On the eve of his federal court trial, Gregory Kwiatkowski dropped a bombshell.
The retired Buffalo police lieutenant pleaded guilty, admitted roughing up four teenagers and, perhaps most important, agreed to testify against two other officers.
On Thursday, more than a year later, Kwiatkowski took the witness stand in the civil rights prosecution of Detective Raymond Krug and Officer Joseph Wendel.
In his first day of testimony, he admitted his role in assaulting the teens and handling the BB gun Krug is accused of using to shoot one of them.
"I took it personally and lost control of myself," Kwiatkowski said, adding that the teens had been suspected of shooting up cars and houses, including those of cops, with the BB gun. He said he became "upset, probably enraged."
He said he grabbed on of the teens by the neck and slammed him head-first into a car and then slammed the others into the police car after they got belligerent over his treatment of their friend.
When they arrived at the station house, Kwiatkowski said, one of the handcuffed teens was scuffling with Krug.
"I punched him in the back and again in the side," Kwiatkowski said, adding that Krug also punched the teen.
Asked if he filled out a "use of force" form, Kwiatkowski said he did not and neither did Krug or Wendel.
"At the time, the Buffalo Police Department was under Department of Justice oversight. I would only fill one out if it was a major use of force," he said, adding that he thought Krug and Wendel were also aware of the federal oversight.
He acknowledged that, in a radio dispatch, he referred to the teens as "four jackasses."
"I thought it was little more polite" than the expletive he wanted to use, he explained.
Kwiatkowski said he saw the BB gun on the passenger side floor of the teens' car and could not remember if he or a Cheektowaga officer at the scene picked it up. He also said he could not recall whether he gave it to Krug or Wendel, but he said he never saw it again after that.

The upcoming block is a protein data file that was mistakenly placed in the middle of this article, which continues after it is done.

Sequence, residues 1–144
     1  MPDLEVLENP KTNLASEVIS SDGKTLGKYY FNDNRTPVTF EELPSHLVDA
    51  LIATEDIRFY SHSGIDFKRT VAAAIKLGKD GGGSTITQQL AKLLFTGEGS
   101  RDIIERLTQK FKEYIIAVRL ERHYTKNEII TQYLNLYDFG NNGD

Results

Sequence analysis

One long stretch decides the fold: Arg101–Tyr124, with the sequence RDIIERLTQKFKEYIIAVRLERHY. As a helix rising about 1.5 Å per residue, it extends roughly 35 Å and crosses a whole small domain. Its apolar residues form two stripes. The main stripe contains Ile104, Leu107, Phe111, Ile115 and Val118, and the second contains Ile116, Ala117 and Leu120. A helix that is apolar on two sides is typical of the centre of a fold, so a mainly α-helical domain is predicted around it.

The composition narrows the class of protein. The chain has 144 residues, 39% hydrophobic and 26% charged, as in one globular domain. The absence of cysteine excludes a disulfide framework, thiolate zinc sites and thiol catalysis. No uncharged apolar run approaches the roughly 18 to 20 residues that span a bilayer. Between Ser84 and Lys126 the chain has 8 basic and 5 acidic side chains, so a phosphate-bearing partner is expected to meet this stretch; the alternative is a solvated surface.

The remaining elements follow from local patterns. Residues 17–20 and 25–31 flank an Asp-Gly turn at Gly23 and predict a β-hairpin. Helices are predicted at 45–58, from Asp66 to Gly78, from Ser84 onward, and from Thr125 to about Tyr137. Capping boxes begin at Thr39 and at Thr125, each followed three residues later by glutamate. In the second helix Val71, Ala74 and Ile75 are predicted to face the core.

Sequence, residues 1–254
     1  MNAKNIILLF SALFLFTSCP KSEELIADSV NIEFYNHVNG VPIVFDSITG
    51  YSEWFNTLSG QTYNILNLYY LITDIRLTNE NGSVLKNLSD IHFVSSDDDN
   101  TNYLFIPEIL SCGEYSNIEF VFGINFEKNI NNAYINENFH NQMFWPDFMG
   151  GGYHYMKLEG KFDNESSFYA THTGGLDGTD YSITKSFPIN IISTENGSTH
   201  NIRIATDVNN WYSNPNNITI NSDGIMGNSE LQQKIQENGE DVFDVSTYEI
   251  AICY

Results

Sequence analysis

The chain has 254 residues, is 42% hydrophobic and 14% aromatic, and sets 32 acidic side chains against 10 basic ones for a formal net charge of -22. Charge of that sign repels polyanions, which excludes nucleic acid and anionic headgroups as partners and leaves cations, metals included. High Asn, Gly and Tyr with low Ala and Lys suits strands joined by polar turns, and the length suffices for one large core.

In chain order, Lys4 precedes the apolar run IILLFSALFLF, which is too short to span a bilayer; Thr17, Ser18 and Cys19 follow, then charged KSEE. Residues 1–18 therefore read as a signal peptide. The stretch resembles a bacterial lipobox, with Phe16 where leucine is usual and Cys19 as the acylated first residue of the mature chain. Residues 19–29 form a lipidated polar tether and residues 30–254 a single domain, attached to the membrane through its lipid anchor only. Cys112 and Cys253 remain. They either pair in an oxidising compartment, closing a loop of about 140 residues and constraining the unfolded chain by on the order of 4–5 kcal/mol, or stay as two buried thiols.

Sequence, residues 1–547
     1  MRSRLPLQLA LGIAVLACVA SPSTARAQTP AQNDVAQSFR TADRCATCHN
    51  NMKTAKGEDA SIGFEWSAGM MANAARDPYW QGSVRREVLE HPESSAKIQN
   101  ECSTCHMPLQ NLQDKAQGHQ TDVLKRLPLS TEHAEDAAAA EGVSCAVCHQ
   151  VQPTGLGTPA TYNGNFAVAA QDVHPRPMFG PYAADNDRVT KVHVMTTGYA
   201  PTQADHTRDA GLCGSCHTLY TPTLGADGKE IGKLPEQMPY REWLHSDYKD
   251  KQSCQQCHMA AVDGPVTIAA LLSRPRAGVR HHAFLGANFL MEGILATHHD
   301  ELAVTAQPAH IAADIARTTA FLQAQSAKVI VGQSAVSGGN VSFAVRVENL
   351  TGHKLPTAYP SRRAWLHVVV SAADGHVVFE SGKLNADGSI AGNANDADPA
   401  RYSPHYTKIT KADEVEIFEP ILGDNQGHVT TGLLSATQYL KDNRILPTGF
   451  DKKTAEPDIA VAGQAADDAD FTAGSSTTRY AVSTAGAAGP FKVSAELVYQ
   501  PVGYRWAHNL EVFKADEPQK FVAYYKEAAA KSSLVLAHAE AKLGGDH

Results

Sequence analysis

Under cross examination by defense attorney Terrence M. Connors, Kwiatkowski admitted that he had lied several times in the past about using excessive force, including under oath in both a civil trial and an Internal Affairs investigation.
Kwiatkowski will resume his testimony Friday.
From the day he took his plea deal, Kwiatkowski became a much anticipated witness in the case that accuses Krug and Wendel of using excessive force against four teenagers in late May of 2009.
Kwiatkowski, who retired two years later, was the first Buffalo officer on the scene on Treehaven Road that night.
"He admits using unlawful, unreasonable, excessive force," Assistant U.S. Attorney Aaron J. Mango said of Kwiatkowski at the time of his guilty plea.
Mango, who is prosecuting the case with Assistant U.S. Attorney John D. Fabian, said Kwiatkowski decided to plead guilty when it became evident Krug and Wendel might try to point the finger at him. Kwiatkowski acknowledged that on Thursday.
Indicted by a grand jury in 2014, Krug stands accused of shooting one of the four teens, Donald J. Silmon, with the BB gun while the young man sat handcuffed in the car. Wendel is charged with encouraging Krug to shoot Silmon a second time and later punching Silmon twice in the stomach.
Krug and Wendel are currently suspended with pay.
The criminal prosecution of the three officers began after two of the teens sued the city in 2010. Court records indicate Silmon received a $65,000 settlement while another teen, Jeffrey E. Campbell II, received $10,000.
Arrested in what police called a drive-by BB gun shooting, the teenagers were accused of firing into a crowd at Main and Custer streets and striking at least one person with BBs.
The four teens, all residents of University Heights, were charged with felony assault, reckless endangerment and criminal possession of a weapon and eventually pleaded guilty to a lesser charge of harassment. They were each sentenced to a conditional discharge and community service.
The other boys involved in the incident, Davaughan Dantzler and Justin Ward, did not sue the city. Now in their 20s, all four testified against Krug and Wendel in the trial before U.S. District Judge William M. Skretny.
During his time on the stand, Kwiatkowski is likely to face face questions about his disciplinary record as an officer.
His record includes a 2008 incident involving a fellow officer, Cariol Horne, and the allegation that she was fired from the job for jumping on Kwiatkowski’s back while he was trying to make an arrest. Horne claimed Kwiatkowski was choking the person.
For his role in the BB gun incident, Kwiatkowski pleaded guilty to a misdemeanor charge of deprivation of rights under color of law during a December 2016 appearance before U.S. Magistrate Judge Jeremiah J. McCarthy.
His conviction was the result of an investigation by the FBI and Buffalo police.